Heidi: I always say it was after the very first challenge. I gave the designers $50 and one day and they had to go to the grocery store. I was so worried about this. The producers and I were all sitting together before and we thought, "Unconventional material challenge. That will either set the tone and either showcase the designer’s talent, or we will just tank because it will all look like arts and crafts projects." So we were a little bit worried about it, but at the same time we jumped in the cold water and we just gave it a shot. I’m so happy that we did, because the very first episode set the tone of what the show’s all about. It’s about creativity, innovation, people who have great talents and can really make clothes out of anything. We wanted to make sure of that.

Q: We have been hearing gossip that a couple of the designers left the show early under unusual circumstances. I wondered if that’s going to be something we’ll see on the show itself and if you could tell us anything about it?
Heidi: Yes, you will definitely see it on the show. This has never happened to us before. I think they just couldn’t make it work. We always say, "Make it work. Make it work." They just could not make it work, and in the morning they were gone. They literally packed up their bags and ran off in the middle of the night when everyone was sleeping. We just couldn’t believe it.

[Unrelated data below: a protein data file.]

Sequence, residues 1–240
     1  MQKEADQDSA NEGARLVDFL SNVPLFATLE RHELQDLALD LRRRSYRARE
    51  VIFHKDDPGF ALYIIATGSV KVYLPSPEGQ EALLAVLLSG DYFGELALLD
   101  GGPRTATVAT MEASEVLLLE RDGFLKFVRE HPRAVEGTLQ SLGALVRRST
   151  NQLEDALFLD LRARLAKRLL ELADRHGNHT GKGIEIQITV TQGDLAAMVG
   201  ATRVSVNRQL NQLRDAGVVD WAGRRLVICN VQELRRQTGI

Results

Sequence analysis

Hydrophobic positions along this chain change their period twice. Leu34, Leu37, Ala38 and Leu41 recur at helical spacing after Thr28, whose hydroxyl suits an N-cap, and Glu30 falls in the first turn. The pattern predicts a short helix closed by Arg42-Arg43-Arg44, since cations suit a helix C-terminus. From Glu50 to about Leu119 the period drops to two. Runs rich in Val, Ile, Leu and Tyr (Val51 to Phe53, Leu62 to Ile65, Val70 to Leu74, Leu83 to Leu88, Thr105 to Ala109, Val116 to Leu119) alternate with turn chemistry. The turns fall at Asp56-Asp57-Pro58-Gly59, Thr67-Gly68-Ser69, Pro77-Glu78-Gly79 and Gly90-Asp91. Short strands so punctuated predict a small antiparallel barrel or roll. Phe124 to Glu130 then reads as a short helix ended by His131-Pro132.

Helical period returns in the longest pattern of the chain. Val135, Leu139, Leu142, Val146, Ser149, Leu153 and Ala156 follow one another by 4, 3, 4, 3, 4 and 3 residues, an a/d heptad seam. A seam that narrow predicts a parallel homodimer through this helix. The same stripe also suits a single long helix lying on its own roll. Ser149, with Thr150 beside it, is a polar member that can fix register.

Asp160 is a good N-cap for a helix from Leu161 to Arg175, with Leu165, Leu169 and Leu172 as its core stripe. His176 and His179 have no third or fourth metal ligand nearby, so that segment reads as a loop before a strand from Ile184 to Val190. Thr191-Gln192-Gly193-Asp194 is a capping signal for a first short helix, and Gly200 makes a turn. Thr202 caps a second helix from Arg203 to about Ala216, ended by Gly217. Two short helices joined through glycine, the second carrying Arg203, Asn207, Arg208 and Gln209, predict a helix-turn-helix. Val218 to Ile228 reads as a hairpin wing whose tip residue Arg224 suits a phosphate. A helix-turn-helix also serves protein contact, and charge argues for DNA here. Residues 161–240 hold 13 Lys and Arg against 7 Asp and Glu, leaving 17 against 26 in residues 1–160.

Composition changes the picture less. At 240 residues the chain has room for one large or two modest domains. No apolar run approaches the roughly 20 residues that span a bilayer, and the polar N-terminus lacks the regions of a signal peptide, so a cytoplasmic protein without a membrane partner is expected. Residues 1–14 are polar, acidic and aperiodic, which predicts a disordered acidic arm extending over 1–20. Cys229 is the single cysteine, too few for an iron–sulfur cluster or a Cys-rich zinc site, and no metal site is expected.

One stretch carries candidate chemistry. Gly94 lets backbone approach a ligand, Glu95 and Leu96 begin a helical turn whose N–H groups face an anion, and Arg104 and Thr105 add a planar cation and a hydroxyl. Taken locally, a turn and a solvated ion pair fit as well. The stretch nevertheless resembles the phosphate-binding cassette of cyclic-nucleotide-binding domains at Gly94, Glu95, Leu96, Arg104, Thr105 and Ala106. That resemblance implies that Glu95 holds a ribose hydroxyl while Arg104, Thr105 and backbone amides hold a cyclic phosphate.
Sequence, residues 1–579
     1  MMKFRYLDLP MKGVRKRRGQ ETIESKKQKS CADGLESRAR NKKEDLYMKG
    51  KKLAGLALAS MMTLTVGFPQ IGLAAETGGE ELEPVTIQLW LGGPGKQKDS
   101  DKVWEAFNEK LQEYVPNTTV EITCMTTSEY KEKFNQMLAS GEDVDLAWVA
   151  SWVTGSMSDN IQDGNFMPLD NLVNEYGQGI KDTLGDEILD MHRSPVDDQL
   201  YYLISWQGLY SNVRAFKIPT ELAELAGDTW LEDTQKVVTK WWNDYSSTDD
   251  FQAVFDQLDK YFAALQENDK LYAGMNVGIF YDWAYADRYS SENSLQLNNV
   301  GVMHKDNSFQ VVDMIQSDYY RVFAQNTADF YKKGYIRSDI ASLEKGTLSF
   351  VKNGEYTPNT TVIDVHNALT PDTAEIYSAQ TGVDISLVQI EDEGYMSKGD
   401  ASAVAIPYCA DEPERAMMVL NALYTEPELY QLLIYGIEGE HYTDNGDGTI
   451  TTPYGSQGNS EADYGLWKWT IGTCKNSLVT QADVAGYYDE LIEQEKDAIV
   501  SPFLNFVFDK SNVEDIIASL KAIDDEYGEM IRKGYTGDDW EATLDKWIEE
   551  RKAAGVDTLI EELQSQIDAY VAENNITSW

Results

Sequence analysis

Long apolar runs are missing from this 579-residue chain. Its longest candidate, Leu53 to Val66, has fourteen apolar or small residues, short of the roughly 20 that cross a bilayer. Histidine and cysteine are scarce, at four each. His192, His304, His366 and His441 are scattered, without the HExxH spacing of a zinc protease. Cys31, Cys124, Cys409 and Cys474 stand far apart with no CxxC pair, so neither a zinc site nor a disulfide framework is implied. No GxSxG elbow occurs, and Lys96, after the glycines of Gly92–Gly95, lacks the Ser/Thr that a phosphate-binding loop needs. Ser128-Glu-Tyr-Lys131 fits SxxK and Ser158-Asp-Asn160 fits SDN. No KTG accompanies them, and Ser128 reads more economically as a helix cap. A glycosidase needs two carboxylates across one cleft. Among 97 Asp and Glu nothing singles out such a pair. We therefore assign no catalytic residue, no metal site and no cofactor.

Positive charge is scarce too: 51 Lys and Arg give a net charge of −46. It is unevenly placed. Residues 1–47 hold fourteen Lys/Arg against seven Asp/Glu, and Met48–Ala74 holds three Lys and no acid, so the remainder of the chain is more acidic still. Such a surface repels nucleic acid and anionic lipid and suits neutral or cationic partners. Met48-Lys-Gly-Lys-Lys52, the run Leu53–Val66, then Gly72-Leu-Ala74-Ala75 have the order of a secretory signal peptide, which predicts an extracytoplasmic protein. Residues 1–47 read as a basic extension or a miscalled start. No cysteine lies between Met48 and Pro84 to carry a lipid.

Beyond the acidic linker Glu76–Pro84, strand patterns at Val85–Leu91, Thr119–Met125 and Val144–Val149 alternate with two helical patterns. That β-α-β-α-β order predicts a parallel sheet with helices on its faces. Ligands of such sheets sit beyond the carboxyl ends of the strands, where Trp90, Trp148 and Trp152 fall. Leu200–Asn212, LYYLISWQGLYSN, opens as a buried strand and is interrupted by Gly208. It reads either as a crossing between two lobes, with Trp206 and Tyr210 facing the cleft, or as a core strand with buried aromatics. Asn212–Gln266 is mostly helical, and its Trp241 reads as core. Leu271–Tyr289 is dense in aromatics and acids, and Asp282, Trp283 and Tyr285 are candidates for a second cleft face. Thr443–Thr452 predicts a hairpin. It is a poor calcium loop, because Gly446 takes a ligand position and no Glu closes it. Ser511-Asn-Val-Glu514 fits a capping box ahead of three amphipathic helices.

Q: Since "Project Runway" has paved the road for so many other fashion reality shows, is there more pressure now to be better than the competition? How do you deal with that?
A: There are definitely a lot of shows that have originated from "Project Runway." Even though there are competitions, I’m kind of proud of that too, because we started it. Competition doesn’t make you rest and just sit on the couch with your feet up. I think it also pushes you to still work very hard at it. Even though we are doing the tenth season, we still all love coming to work, and we work all very hard making new challenges and thinking of new ideas and keeping it fresh. We definitely do not fall asleep over here. And with competition, it makes you work harder in a way.

Q: What do you tend to weigh more heavily on, idea or execution? I mean obviously the best designs on the show are excellent in both, but which do you tend to value more?
A: If it’s one idea that is so amazing, that is so different from anything I’ve ever seen before, then I’m not that strict on execution. Like if the hem is crooked or if it’s something like that. But if it’s a very simple dress and then the execution is bad, then I don’t know why that person is necessarily here.

Q: What has been your most awkward moment ever when filming "Project Runway?"
A: Well, for me a lot of the times I would make my outfits too short, and then I have to sit in the director's chairs and I literally have to tell the camera man to please keep me from the waist up, because no matter how I cross my legs it’s always too short. Michael is like, "Put your cards on your lap. Put your cards on lap." But that is for me, personally, one of my awkward moments.